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Prison Monologues, Part I
a Monologue
by Daniel Guyton

COMPANY : Liberal Eye Productions [WEBSITE]
VENUE : Highland Playhouse [WEBSITE]
ID# 4734

SHOWING : June 04, 2015 - June 07, 2015



A collection of 4 monologues by Daniel Guyton, each focused on 4 different women, in jail for 4 different crimes. They are funny, sad, tragic, and eye-opening.

Playwright Daniel Guyton
Director Daniel Guyton
January Tanya Freeman
Rebethany Chastain Kate Guyton
Gretchen AC Smallwood
Jess Peg Thon
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A Prism of Monologues
by playgoer
Sunday, June 7, 2015
One of the 20 offerings in this year’s Atlanta Fringe Festival is Daniel Guyton’s "Prison Monologues, Part I." Four monologues are performed, featuring four different actresses. All are written and directed by the talented Mr. Guyton.

The set, such as it is, is a platform in the corner of the Highland Inn basement ballroom, backed by white sheer curtains from floor to ceiling. Light and sound effects are minimal. Two set pieces, a chair and a table, are used to suggest different prison cells and an interrogation room. It all works very well.

First up is "The Sins of Rebethany Chastain." In this beautifully blocked monologue, Kate Guyton tells the story of what sent Rebethany to prison. Ms. Guyton has a white trash twang, and the tale she tells is a comic set of grievances centering around a bicycle and jealousy of a girl in her class. Yes, there’s a crime involved, but it’s a convoluted path in the telling. It’s beautifully rendered, by playwright, director, and actress alike.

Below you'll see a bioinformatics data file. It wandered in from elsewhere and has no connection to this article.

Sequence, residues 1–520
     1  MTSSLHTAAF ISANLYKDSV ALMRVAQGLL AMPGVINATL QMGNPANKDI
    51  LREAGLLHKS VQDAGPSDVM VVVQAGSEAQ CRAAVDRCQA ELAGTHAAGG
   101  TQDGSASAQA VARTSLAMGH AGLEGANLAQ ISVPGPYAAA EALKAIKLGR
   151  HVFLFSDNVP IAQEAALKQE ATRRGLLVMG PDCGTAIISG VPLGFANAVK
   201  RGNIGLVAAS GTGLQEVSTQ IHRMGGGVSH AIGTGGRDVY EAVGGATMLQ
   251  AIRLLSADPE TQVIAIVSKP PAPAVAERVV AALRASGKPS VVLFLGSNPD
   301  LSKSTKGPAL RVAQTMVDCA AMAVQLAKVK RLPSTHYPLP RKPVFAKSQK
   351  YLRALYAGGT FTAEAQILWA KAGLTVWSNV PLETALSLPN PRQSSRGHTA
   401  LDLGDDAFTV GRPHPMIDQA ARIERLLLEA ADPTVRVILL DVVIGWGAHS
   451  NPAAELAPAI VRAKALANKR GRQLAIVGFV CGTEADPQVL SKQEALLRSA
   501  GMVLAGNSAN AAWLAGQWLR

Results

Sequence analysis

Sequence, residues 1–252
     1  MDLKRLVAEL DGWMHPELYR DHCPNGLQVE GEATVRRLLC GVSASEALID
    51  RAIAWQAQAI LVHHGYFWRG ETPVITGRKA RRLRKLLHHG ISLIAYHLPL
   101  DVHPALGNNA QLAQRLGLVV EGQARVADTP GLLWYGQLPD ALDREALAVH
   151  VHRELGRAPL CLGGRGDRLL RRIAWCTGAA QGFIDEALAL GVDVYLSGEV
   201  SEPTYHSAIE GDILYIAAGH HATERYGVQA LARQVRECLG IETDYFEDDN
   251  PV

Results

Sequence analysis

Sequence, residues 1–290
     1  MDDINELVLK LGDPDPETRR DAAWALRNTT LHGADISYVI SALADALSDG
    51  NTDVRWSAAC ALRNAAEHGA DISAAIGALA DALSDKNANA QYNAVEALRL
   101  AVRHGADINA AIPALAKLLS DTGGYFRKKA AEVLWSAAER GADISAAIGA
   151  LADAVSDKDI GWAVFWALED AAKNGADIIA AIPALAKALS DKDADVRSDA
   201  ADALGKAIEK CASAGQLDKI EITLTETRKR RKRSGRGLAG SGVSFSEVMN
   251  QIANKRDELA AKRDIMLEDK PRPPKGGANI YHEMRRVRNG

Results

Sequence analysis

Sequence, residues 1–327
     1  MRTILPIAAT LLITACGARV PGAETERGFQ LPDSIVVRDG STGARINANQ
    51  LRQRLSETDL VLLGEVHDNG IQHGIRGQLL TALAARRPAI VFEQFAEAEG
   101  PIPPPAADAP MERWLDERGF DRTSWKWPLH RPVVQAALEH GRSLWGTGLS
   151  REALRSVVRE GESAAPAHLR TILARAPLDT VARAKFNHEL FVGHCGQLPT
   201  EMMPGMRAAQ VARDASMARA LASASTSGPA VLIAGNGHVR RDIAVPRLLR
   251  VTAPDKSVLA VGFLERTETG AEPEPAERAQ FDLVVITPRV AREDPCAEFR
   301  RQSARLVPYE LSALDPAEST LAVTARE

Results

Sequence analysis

"Hate Male" is also the story of a white trash woman (AC Smallwood), but this monologue is not comic. It starts with a vitrolic, foul-mouthed diatribe against an unseen guard on the other side of invisible bars. The woman has suffered sexual abuse, and her behavior and language alternate between sweet come-ons and hateful insults. The innocent-faced Ms. Smallwood, with a bruise around her right eye, nails the character.

While "Hate Male" was spoken to a prison guard, "January’s Alibi" is spoken to police interrogators who are questioning a woman (Tanya Freeman) in the shooting death of her child’s father. There’s a lot of foul language in this play too, but it’s repeatedly followed by "excuse my French," with some questioning of how crude the French must be to come up with all these cuss words. There are a lot of comic elements in the writing, but the tone isn’t fully comic. This woman seems unusually enthusiastic about her young son, Allegro Junior (although his father has an entirely different first name). Since four-year-old Allegro was at least a witness of the murder, the tone wavers a bit between comedy and seriousness. It doesn’t quite work, but the blocking and acting are first-rate.

The last play is "Say Hi to Agnes for Me," starring Peg Thon as a prison-hardened woman speaking to what appears to be a new cellmate. The overall menacing tone is relieved by a variety of anecdotes, but by only a couple of comic elements. This is a bleak, wonderfully acted piece that truly captures the psyche of a woman marked by her criminal past, but also twisted by her time in confinement. It’s powerful stuff.

Mr. Guyton the director has done Mr. Guyton the playwright proud. I can only wonder (and no doubt marvel) at what "Part II" of these monologues might offer. [POST A COMMENT REGARDING THIS REVIEW]


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